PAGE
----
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1. Calculate the total time required to transfer a 1,000-KB file in the following cases, assuming an RTT
of 100 ms, a packet size of 1-KB data, and an initial 2RTT of handshaking before data is sent.

(a) The bandwidth is 1.5 Mbps, and data packets can be sent continuously.
(b) The bandwidth is 1.5 Mbps, but after we finish sending each data packet we must wait one RTT
before sending the next.
(c) The bandwidth is infinite, meaning that we take transmit time to be zero, and up to 20 packets can
be sent per RTT.
(d) The bandwidth is infinite, and during the first RTT we can send one packet (211), during the second
RTT we can send two packets (221), during the third we can send four (23-1) and so on.

2. Consider a point-to-point link 2km in length. At what bandwidth would propagation delay (at a
speed of 2108m/sec) equal transmit delay for 100-byte packets? What about 512-byte packets?

3. Hosts A and B are each connected to a switch S via 10-Mbps links as shown above. The propagation
delay on each link is 20s. S is a store-and-forward device that can send and receive bits simultaneously;
it begins retransmitting a received packet 35s after it has finished receiving it (if it can). Calculate the
total time in milliseconds required to transmit 12,000 bits from host A to host B, transmitted as a single

4. Calculate the latency (from first bit sent to last bit received) for:

(a) A 1-Gbps Ethernet with a single store-and-forward switch in the path, and a packet size of 5,000 bits.
Assume that each link introduces a propagation delay of 10 s and that the switch begins retransmitting
immediately after it has finished receiving the packet.

(b) Same as (a) but with three switches.

(c) Same as (b) but assume the switch implements cut-through switching: it is able to begin
retransmitting the packet after the first 128 bits have been received.

5. Suppose a 100-Mbps point-to-point link is being set up between Earth and a new lunar colony. The
distance from the moon to Earth is approximately 385,000 km, and data travels over the link at the
speed of light3108 m/s.

(a) Calculate the minimum RTT for the link.

(b) Using the RTT as the delay, calculate the delay bandwidth product for the link.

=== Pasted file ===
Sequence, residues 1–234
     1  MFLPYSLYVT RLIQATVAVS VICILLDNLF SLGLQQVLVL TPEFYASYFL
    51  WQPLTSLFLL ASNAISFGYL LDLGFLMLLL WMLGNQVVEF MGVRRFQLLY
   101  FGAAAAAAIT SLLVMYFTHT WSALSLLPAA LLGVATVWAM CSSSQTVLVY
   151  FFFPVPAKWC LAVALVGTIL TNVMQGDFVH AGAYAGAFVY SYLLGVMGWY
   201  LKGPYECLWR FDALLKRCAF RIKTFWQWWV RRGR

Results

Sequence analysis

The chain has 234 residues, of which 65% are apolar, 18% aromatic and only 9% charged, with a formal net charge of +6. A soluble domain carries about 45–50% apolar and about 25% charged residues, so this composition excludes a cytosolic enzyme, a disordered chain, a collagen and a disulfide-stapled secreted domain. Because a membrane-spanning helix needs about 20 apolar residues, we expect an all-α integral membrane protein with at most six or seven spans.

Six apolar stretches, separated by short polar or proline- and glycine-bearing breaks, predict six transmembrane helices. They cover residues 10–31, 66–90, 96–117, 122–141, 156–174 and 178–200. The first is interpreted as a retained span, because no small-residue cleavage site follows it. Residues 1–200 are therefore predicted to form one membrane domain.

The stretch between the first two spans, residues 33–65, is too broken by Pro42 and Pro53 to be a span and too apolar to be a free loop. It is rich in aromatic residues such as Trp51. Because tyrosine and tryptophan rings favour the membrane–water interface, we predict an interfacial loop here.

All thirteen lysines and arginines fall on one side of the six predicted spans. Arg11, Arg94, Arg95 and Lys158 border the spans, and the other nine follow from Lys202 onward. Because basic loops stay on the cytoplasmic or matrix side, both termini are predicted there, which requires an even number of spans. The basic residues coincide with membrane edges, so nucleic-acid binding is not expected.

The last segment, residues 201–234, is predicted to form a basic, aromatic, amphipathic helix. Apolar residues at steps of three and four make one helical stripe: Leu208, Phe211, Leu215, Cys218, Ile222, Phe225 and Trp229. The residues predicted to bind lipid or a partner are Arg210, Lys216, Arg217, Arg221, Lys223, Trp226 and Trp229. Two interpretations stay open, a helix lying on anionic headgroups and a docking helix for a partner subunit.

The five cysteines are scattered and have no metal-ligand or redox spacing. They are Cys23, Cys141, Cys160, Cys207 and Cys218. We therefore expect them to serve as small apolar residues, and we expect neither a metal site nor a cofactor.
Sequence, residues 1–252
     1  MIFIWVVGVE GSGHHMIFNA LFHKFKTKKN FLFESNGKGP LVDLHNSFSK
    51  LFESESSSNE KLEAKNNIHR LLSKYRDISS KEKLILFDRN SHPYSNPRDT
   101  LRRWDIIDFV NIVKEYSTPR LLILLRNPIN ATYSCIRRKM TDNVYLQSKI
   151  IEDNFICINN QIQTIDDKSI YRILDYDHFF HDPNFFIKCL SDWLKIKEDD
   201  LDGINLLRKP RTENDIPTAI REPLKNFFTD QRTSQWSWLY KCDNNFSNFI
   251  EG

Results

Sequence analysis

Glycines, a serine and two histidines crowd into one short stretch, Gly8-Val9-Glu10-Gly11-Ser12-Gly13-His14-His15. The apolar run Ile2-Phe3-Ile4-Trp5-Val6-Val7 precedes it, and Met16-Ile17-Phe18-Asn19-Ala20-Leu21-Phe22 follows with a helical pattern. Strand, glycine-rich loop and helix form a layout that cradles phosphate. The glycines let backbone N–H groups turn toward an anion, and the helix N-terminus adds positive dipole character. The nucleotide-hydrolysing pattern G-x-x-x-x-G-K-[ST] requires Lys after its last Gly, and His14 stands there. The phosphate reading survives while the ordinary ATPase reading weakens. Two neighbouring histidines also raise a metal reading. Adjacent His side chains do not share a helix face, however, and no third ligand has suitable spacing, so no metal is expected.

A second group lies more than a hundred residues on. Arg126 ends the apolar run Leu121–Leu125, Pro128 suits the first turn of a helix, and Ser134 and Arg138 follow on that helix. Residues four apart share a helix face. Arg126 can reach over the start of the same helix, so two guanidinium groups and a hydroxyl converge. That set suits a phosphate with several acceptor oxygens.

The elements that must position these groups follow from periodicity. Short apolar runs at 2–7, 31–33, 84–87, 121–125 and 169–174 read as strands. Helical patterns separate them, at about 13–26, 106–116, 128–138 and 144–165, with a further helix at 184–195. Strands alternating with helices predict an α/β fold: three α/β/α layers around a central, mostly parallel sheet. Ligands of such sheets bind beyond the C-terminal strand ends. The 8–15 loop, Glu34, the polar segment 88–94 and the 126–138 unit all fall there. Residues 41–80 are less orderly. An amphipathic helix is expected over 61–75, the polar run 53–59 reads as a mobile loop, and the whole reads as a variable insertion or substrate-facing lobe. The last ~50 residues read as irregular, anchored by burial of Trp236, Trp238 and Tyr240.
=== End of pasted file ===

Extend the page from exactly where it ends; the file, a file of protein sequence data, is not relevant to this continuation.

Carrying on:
(c) What is the significance of the delay bandwidth product computed in (b)?
(d) A camera on the lunar base takes pictures of Earth and saves them in digital format to disk. Suppose
Mission Control on Earth wishes to download the most current image, which is 25 MB. What is the
minimum amount of time that will elapse between when the request for the data goes out and the
transfer is finished?
6. Ipv6 configured nodes perform end-to-end fragmentation and holds the fragmentation details in
fragment extension header, which is having the folowing format.

a) what is the significance of fragment offset field? In IPv4 header, the flag bits are placed to the
left of fragment offset field; but in IPv6, fragment offset field is shifted to the left and M flag is
moved to right leaving two reserved bits in between them. Show with an example how this
design improves the interpretation of fragment offset bits?
b) A router receives an IPv6 datagram with payload length = 1500. The router decides that it must
forward this datagram through an interface with an MTU of 512 bytes. To do that, the router
must fragment the datagram. How many fragments will be there and explain how the router
does that. Assume that no extension header other than fragment header is used. Show the
values of all fields in the fragment header for each fragmented packets.

7. In IPv6, if the hop-by-hop extension header needs a padding of 4 bytes of data, which option should
we use? In that case, what will be the type, length and variable values in option TLV?

8. What is Multi-Protocol Label Switching (MPLS) and how it reduces the overhead of routing? Explain
the following terms based on MPLS:
a) Forwarding Equivalence Class (FEC)
b) Label Edge Router (LER)
c) Label Switching Router(LSR)
d) Label Forwarding Information Base (LFIB)